Blog by Steve Laug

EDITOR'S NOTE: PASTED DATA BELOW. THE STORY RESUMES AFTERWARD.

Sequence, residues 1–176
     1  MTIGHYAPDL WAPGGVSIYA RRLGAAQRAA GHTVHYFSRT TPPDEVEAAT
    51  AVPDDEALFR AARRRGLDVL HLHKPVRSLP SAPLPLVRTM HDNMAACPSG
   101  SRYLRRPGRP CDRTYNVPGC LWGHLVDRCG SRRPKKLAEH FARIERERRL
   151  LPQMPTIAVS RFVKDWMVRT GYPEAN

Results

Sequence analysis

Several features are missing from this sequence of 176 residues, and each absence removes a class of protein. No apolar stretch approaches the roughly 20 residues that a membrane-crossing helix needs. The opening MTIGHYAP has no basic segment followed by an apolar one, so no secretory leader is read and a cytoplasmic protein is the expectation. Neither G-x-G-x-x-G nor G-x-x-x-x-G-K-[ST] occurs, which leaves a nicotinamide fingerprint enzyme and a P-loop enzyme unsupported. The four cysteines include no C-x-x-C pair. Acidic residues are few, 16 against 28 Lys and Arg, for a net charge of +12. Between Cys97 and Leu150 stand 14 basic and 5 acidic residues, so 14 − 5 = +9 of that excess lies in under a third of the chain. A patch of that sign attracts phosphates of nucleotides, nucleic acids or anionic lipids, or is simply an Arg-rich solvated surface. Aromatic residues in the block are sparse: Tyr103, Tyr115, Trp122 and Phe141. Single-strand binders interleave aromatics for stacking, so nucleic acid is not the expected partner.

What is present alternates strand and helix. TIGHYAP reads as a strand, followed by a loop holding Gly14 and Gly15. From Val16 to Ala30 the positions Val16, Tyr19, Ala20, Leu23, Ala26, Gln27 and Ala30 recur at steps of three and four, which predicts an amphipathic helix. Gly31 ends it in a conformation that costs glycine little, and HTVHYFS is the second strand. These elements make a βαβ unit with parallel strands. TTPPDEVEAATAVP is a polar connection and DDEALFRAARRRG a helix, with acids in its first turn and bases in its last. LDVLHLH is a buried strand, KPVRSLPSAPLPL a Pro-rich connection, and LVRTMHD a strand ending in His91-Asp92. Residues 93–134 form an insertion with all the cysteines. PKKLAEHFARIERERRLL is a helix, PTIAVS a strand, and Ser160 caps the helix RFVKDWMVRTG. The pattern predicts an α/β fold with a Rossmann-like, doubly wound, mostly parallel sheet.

I have repaired pipes for Paresh in India over the past four months and not long ago he sent me seven of his Grandfather’s pipes to restore. It is an interesting assortment of older pipes that come from the period of 1937-1950s. His Grandfather worked for the Indian Railroad many years and was a pipeman. Paresh is also a pipeman and recently found out that his Grandfather smoked a pipe as well. The third of the pipes is an older Dr. Grabow Starfire Adjustomatic Tomahawk #21. It is stamped on the right side of the shank Starfire over Dr. Grabow. From what I can find out the pipe was part of the Continental X-Series that came in 12 unique shapes that were originally released in 1959. When the Continentals were first put into production they may have been available only by coupon in the Westbrook, Emperor and Sculptura lines, but they were available in the regular production–non coupon lines such as Viscount, Starfire and Eldorado. The coupon pipes were given XO shape numbers while the regular production lines (meaning sold in retail stores) were given standard shape numbers. The XO numbers were never stamped on the pipes, but the regular production pipes will sometimes have a stamped shape number. This particular pipe that I am working on for Paresh is a Starfire line pipe. I have included the following shape chart to help identify the pipe. It is the third pipe down in the column on the right side – shape #21. (Quoted from the late Ed James, a man who knew a lot about Grabow pipes and who is dearly missed by those of us who knew and enjoyed his company.  http://pipesmagazine.com/forums/topic/3-year-journey-complete-set-of-continental-x-series-pic-heavy.) I took the following photos of the pipe before I stated to work on it. It was probably one of the dirtiest of the pipes that Paresh’s wife Abha sent me – even then it was not that dirty because she had removed much of the cake bowl and the grime in the wire rustication.  The rim top has lava that has overflowed from the bowl and filled in the wire rustication. It is quite thick and hard. It will need to be scraped off when I started the cleaning. I am not sure what the inside edge of the rim looks like at this point because of the lava overflow. The outer edge of the bowl looks pretty good with a little wear on the front edge and back right side. The bowl still the remnants of cake left behind that I will need to take care of. I also took a close up photos of both sides of the stem. The stem significantly overclocked to the right giving the pipe an odd look. You can see the tooth chatter and calcification on the top and underside of the stem just in front of the button. It appears that the stem must have had a softee bit that was later cut off and left behind the debris.I always enjoy getting some background information on the pipeman whose pipes I am restoring when I am working estate pipes from the family members. If you have followed rebornpipes for a while you have read a few of these summaries from estates like Kathy’s Dad, Barry’s Dad and Farida’s Dad. Each of them did a great job summarizing their fathers’ estates. Since the next group of seven pipes that I will be working came to from India and belonged to the Grandfather of Paresh, I asked him to write a short tribute to his Grandfather. What follows is his writeup.